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Apologies do not count when you shout them

Apologies do not count when you shout them

by Maria L. Evans

“Apologies do not count when you shout them.”–from “The Journal of Best Practices,” by David Finch

David Finch is a man whose marriage is in big trouble–until he realizes he may have Asperger Syndrome. In his book, “The Journal of Best Practices,” he details how he re-tuned his normally distracting, disruptive hyper-focus into commitment towards saving his marriage. Because he takes things incredibly literally, he writes down instructions to himself in what he refers to as “the Journal of Best Practices.” Although this book can be incredibly uncomfortable at times (for a variety of reasons), his list, meant for himself, turns out to be pretty good simple advice for many of us during Lent, when many of us struggle with sorting through issues involving reconciliation and forgiveness.

Most of his notes to himself are short pithy sentences–things like “Be her friend, first and always,” “Use your words,” and “Help her with the laundry,”–in a way, not so unlike some of Jesus’ clearer instructions about forgiveness and reconciliation. Jesus doesn’t mince words either–“Seventy times 7,” “Whenever you stand praying, forgive,” and “Love your enemies,” just to name a few.

What David Finch found out, though, after a time, was that no matter how simple the items on the list were worded, it could still become confusing, conflicting, and convoluted when there was no context involved. Even for someone whose mind worked in such a literal way, he began to understand (sometimes in hilarious ways, at other times in very painful ways) that there was a place where his meticulous lists didn’t work. It would cause his temper to flare and his wife to burst into tears or lash back. In the end, he comes to realize that it was as much the business of creating and understanding the context of his Journal of Best Practices, as it was the best practices themselves. He learns that relationships, particularly our more intimate ones, are about simply being present, and forgiving and reconciling when we are not present enough…or too present.

Likewise, when we take those pithy statements that Jesus says in the Gospel, and start to move them from ancient time to our time, particularly when they are in the middle of parables that we can’t fully understand the context of them in his contemporary world, those statements can at times run counter to our modern way of thinking about them. Jesus’ simple statements can seem conflicting, unreasonable in a modern context, or even harsh. We can find ourselves paralyzed in knowing the next best move to get to a place of forgiveness or reconciliation. It might even, at times, feel like the best thing to do is withdraw or hide from them.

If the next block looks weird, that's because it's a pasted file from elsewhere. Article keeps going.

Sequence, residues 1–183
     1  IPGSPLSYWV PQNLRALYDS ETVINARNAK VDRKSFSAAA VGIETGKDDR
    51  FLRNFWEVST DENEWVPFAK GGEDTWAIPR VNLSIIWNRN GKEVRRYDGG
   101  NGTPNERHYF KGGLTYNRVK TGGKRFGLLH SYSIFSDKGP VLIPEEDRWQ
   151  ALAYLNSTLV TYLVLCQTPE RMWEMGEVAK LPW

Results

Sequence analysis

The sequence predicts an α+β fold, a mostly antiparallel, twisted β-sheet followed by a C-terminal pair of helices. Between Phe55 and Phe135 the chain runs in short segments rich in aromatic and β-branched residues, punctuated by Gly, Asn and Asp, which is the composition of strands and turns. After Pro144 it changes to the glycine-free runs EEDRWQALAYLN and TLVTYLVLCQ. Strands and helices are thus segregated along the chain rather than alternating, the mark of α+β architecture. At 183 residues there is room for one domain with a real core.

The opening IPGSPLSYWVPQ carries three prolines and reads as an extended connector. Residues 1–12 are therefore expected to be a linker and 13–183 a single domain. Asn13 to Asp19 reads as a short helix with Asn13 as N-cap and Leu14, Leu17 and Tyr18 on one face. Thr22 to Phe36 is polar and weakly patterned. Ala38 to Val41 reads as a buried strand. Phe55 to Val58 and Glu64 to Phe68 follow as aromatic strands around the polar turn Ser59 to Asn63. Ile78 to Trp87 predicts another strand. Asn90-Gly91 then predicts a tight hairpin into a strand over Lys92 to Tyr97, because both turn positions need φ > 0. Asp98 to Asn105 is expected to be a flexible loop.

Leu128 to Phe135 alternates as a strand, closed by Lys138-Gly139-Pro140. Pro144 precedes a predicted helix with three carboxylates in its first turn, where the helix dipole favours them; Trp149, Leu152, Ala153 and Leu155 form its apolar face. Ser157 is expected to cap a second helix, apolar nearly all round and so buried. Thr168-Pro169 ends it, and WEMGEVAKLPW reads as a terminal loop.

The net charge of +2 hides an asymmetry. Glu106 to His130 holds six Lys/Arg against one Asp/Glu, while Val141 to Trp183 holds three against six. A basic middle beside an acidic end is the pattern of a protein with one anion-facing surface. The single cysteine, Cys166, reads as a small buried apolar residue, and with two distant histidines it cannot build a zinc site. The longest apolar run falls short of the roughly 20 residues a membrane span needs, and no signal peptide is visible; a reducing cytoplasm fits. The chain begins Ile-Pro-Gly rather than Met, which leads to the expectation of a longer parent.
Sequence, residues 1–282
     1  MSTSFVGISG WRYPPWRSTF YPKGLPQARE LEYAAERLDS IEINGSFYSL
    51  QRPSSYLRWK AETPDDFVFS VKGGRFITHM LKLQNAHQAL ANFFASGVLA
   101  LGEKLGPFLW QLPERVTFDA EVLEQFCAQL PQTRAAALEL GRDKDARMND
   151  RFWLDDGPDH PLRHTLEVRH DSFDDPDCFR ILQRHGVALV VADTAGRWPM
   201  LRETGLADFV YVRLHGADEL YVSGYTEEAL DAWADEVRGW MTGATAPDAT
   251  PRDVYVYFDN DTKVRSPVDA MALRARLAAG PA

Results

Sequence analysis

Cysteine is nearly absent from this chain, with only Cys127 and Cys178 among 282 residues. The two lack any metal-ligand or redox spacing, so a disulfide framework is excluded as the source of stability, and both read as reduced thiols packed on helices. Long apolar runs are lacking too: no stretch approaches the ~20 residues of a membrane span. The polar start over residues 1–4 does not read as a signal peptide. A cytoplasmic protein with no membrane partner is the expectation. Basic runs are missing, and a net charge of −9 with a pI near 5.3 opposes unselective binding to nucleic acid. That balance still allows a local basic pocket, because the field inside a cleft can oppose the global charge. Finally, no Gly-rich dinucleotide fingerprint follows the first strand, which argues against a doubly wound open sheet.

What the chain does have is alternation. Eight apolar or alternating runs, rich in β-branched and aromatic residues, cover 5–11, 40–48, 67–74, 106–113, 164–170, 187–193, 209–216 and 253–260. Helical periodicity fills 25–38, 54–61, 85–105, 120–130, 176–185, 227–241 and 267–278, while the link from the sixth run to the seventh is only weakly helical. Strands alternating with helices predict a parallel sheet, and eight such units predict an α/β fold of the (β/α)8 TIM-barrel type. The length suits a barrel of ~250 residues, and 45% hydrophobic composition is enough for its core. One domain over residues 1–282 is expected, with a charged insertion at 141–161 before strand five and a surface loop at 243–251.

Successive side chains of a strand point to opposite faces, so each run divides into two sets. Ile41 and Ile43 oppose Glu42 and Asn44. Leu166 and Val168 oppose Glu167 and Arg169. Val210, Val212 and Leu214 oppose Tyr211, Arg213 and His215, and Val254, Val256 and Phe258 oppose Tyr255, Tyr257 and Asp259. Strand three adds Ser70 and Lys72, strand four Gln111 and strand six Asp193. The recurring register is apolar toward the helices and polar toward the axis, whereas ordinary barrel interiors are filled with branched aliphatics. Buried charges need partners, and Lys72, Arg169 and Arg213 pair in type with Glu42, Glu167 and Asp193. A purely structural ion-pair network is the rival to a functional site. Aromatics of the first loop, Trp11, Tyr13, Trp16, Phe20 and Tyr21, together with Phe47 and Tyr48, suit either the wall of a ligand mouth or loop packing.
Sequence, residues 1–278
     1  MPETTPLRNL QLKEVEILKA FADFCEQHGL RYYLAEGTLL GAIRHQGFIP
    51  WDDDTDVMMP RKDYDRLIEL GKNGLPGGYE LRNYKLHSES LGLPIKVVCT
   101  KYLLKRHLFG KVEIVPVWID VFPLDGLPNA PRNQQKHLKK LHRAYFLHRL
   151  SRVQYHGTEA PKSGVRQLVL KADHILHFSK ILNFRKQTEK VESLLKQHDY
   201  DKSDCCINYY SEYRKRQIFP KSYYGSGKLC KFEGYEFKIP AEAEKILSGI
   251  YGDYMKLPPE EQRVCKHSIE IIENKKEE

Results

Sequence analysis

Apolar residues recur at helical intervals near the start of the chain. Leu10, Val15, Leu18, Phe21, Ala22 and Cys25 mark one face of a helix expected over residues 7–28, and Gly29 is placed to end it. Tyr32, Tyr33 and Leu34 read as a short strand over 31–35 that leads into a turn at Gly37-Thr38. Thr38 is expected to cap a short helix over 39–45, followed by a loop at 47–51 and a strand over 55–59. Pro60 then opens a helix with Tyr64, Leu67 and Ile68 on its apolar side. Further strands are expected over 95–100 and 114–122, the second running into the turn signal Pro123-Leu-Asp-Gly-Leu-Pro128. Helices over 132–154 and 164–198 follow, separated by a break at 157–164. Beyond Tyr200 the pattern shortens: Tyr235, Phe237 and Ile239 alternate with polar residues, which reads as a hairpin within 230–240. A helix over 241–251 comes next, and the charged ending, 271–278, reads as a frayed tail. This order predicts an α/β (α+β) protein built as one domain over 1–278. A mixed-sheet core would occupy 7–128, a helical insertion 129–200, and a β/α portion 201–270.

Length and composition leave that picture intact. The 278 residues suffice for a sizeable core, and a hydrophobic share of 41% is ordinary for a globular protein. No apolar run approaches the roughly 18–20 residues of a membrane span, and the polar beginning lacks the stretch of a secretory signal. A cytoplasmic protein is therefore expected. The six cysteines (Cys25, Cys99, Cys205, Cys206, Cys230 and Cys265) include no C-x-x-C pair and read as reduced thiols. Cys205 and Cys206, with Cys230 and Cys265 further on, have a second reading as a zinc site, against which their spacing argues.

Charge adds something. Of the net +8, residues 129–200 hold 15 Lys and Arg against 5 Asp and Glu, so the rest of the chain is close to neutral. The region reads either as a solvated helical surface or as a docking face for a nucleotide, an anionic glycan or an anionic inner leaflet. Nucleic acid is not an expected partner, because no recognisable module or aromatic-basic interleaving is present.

We don’t have to be on the autism spectrum or know someone who is to appreciate that any of us, on any given day, can well be suffering from a sort of “relationship autism.” We are imperfect beings and even the most astute of us can find ourselves in that spot of lashing out, or having a conflict that we are taking in a very literal sense, when in reality we’ve missed all the cues that hint that there is really more to what’s behind the conflict than the conflict itself. It might be because we really don’t know and understand the story of the person we’re dealing with–their old painful triggers. We might be oblivious to our own painful triggers and need some work to excavate their history. It might be because we’re using a mode of communication that creates limits on our interactions–for instance, how many fights have we seen break out when we’re limited to 140 characters?

Likewise, being “too present” can be just as problematic. No matter how educational our own experiences have been in understanding the various mistakes in life, enabling or manipulating prevents others from making their own mistakes and “hitting their own bottom.” Sometimes our best-intentioned advice or actions, in truth, reveal that we are struggling with our own discomfort factor more than we are the other person’s problems or feelings.

No doubt, any of us can benefit from making our own “Journal of Best Practices”–but when the list becomes convoluted, it’s probably best to realize our best chance at forgiveness and reconciliation will be in the recognition of when we are “too present” or “not present enough.”

When is a time you struggled to find the balance in being “just present enough?” What did you learn from discovering your own “best practices” in life through the lens of the Gospel?

Maria Evans, a surgical pathologist from Kirksville, MO, writes about the obscurities of life, medicine, faith, and the Episcopal Church on her blog, Kirkepiscatoid


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Maria L. Evans


Leslie Scoopmire

Very important for all of us who have ever been in a troubled relationship– whether romantic or platonic.

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